Energy research: grasping transatlantic opportunities.

AuthorYoshida, Phyllis
PositionEnvironment and Energy

On both sides of the Atlantic, and indeed around the world, we face the twin challenges of energy security and global climate-change. And in both Europe and America lie much of the world's expertise on the clean-energy technologies needed to address these challenges: energy efficiency technology for buildings, industry and transport, renewable energy technology, nuclear-energy technology and the technology for carbon capture-and-storage.

We have an EU-U.S. road map in place to look at all of these areas (except for nuclear power, where the degree of interest varies among EU member states) and are actively engaged in discussions on where we might cooperate.

Let me start with carbon capture-and-storage (CCS) since some people are skeptical about a technology that focuses on continuing to use the very fuel that is causing so much of the carbon dioxide build-up in the first place. But because so many countries rely heavily on coal--including China and the United States, both of which get more than half of their electric power from cheap and abundant coal resources--clean-coal use is an essential focus. It is important to face this challenge head on because it will take a long time to make changes: coal plants have lifetimes of fifty or more years.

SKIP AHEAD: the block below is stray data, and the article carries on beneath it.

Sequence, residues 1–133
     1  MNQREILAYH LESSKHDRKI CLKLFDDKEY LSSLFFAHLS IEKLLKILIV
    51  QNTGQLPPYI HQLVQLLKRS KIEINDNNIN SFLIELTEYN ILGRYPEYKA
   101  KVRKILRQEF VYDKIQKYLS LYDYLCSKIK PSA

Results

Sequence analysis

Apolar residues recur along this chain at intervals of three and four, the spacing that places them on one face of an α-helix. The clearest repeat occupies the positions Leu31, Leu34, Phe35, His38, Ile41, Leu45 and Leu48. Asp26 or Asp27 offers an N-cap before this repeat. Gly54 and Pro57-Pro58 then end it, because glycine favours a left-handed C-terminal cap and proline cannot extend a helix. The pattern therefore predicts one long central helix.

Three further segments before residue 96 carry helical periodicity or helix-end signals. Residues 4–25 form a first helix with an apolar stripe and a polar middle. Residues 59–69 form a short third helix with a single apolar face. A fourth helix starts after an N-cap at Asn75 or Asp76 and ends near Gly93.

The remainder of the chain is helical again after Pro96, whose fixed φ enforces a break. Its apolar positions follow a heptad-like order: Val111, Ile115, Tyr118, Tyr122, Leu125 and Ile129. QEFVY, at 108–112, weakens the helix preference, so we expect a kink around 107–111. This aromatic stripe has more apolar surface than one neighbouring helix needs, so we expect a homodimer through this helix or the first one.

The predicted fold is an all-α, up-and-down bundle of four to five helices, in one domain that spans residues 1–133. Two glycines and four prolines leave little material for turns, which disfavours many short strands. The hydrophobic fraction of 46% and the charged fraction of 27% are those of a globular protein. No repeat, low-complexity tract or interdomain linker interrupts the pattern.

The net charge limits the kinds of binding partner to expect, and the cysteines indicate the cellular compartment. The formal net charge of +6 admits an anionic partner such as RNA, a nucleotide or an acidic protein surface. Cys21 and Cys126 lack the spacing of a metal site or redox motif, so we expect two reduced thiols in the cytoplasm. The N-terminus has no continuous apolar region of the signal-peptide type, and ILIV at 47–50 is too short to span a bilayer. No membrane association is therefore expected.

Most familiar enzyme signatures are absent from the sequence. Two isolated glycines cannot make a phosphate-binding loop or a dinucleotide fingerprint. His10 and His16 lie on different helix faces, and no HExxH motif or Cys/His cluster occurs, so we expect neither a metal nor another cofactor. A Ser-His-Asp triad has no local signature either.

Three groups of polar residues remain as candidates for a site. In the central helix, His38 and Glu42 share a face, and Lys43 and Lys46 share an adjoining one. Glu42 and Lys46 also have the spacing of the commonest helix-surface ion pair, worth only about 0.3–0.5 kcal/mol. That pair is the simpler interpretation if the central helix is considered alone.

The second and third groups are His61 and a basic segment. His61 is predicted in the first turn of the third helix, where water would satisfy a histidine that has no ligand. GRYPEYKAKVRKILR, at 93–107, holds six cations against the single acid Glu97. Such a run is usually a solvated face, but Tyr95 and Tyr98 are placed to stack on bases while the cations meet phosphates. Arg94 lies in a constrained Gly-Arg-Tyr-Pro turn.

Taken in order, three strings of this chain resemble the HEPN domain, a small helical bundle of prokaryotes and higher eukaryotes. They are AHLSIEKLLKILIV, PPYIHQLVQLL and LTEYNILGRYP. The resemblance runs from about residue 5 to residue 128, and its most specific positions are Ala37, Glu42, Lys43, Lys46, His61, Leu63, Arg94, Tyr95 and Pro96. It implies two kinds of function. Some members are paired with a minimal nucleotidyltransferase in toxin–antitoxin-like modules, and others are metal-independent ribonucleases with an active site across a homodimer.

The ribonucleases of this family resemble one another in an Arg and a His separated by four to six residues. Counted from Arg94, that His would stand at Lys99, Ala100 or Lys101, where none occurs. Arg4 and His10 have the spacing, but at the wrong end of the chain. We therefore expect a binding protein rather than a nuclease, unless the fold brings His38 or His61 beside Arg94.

In terms of technology, there are in fact two distinct challenges. First, how do you separate carbon and hydrogen in a coal-fired power plant in a way that is reasonably affordable? In the case of new plants, the separation can take place prior to combustion. For retrofits, which are of great interest in view of the huge park of coal-fired power plants already in place, the separation must be post-combustion. Secondly, how do you ensure that the carbon dioxide can be stored indefinitely underground or underwater so that it does not leak back into the atmosphere?

To address the first challenge, the Department of Energy plans to invest around two billion dollars on the carbon capture-and-storage components of three different power plants. A parallel program has also started to emerge in Europe and the European Commission anticipates that several CCS plants will open in the next few years. One of these plants, funded by the United Kingdom, received nine competing bids to start construction next year and could be completed as early as 2014. We understand that the Commission is going to set up an intra-net for project participants to facilitate sharing the best practices and avoiding expensive mistakes...

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